Cars take the strain despite 100-mile journey at 17mph

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The Independent Online

A northbound Virgin train from the Midlands to Manchester Piccadilly was inching into Crewe one hour late when the heavens opened on Carriage F.

A northbound Virgin train from the Midlands to Manchester Piccadilly was inching into Crewe one hour late when the heavens opened on Carriage F.

Passengers were faced with the option of enduring either red-hot carriages in the warm weather or a steady sprinkle from the defunct cooling system.

The incident one Tuesday evening early last monthis one example of whycars remain the preferred option for tens of thousands on the 100-mile stretch from Manchester to Birmingham. At peak time, that's 90,000 vehicles an hour on a motorway which was built for 72,000.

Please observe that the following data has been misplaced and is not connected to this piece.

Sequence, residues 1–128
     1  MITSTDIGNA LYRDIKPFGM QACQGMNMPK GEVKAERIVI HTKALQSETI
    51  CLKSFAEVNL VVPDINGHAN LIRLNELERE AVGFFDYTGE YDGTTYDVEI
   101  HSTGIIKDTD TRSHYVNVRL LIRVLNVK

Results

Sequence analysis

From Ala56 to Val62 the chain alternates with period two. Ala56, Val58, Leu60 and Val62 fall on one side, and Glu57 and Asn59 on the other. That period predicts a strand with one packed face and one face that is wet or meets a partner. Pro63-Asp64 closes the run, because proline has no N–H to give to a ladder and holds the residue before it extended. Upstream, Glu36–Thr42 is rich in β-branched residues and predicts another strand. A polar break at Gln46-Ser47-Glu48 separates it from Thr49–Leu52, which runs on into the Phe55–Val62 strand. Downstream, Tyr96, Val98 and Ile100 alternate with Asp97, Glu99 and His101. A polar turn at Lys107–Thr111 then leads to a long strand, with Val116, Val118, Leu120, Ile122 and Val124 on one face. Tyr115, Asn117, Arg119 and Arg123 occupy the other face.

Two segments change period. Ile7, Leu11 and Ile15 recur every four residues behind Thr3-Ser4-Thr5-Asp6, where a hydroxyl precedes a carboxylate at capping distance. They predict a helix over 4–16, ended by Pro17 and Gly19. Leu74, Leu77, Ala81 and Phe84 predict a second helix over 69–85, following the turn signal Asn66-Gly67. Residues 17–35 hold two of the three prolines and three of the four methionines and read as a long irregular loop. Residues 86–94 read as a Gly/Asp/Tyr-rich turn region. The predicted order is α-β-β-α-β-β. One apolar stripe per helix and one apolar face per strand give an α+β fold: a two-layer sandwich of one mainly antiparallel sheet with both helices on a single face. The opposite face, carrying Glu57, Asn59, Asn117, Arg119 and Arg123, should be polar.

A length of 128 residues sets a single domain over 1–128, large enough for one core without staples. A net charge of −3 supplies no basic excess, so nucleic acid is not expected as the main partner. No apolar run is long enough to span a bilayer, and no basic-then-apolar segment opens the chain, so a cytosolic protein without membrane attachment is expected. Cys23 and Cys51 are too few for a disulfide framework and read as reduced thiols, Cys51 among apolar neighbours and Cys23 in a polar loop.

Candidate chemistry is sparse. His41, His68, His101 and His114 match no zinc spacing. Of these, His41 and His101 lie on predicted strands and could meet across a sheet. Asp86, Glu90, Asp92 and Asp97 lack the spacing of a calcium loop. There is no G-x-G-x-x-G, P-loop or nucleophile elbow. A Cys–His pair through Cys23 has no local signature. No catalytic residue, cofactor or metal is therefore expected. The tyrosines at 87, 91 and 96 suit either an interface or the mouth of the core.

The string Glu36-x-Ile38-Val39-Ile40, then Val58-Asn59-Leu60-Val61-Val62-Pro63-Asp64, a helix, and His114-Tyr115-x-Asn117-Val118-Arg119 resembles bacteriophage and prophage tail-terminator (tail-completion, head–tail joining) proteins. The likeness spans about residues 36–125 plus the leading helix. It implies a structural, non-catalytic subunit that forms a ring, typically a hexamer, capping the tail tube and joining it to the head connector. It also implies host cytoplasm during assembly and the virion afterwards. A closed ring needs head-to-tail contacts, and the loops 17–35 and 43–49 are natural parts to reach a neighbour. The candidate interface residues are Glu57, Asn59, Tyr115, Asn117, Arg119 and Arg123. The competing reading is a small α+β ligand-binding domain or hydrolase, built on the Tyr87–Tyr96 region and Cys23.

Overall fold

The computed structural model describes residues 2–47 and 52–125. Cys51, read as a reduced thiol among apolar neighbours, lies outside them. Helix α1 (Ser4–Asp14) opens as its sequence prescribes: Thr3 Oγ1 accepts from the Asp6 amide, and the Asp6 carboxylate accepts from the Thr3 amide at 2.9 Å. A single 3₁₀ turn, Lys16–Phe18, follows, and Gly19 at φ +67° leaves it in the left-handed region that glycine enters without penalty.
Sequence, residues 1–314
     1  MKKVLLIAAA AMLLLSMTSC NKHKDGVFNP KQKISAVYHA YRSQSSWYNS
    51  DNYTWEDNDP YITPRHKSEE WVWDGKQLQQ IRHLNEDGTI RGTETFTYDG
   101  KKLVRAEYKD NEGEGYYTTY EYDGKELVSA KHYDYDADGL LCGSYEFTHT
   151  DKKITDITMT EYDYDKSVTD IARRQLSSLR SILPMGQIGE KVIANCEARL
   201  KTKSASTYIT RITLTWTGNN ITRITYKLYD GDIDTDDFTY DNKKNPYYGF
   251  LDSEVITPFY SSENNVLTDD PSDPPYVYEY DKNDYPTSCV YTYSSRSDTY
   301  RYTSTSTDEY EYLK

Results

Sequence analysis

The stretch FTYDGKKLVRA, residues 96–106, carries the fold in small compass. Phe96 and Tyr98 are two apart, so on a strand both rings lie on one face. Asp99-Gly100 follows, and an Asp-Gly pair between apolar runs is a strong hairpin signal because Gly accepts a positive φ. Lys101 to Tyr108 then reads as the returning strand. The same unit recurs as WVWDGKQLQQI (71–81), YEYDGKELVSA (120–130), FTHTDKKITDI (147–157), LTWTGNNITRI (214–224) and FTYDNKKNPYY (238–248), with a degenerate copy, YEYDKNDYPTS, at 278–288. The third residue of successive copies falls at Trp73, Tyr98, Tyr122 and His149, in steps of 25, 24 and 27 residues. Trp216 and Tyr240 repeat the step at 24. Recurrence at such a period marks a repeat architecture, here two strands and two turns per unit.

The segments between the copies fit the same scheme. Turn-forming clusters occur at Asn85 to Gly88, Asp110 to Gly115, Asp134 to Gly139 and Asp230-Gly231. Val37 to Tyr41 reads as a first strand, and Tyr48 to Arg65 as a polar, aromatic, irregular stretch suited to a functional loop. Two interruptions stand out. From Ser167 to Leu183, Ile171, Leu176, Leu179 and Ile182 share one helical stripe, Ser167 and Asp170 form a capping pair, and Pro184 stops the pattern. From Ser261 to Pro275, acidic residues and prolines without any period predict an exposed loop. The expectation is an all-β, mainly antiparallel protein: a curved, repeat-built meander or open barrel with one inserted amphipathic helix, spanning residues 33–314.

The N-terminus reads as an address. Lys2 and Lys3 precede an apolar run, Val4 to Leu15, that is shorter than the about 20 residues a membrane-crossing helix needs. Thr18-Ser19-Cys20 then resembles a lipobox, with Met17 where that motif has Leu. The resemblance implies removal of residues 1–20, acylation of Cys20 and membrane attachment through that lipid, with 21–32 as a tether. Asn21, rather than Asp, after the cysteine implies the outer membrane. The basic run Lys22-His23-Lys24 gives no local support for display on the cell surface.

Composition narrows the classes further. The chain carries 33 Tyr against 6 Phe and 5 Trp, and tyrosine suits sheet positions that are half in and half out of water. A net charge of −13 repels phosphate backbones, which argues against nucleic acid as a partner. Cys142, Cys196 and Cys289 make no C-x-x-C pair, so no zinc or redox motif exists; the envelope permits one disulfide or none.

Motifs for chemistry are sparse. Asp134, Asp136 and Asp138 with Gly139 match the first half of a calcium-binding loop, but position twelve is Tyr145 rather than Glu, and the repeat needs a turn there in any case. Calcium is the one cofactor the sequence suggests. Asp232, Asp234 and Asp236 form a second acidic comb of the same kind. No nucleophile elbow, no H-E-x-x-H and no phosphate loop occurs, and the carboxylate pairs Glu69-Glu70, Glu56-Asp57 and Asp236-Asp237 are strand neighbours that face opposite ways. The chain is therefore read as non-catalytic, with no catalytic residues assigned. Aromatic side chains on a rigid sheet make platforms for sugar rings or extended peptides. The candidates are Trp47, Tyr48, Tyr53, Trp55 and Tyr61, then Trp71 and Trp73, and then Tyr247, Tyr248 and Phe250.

The journey takes up to two hours in mostly low gears (they say the average speed is 17mph) and, since the Sandbach services 20 miles outside Manchester have just been voted the worst in Europe by motoring organisations, food stops en route are decidedly unappealing.

But provided you can find the keys and keep the sun roof shut, you will depart on time and arrive dry.

Since the M6 toll road's introduction eight months ago, Northerners have been delivered from the ordeal of hacking around Birmingham and shown that driving to London is possible. It has been nothing short of a transformation, and will make the environmental lobby's case against a second road all the harder.

In the finest traditions of the M6, no one's in a rush about these things, though. The consultants Arup - who spent two years studying M6 jams between Cannock, Staffordshire, and Lymm in Cheshire before advising the Government to make a 47-mile section of it eight lanes wide two years ago - concluded the work would probably take six years and cost about £650m.

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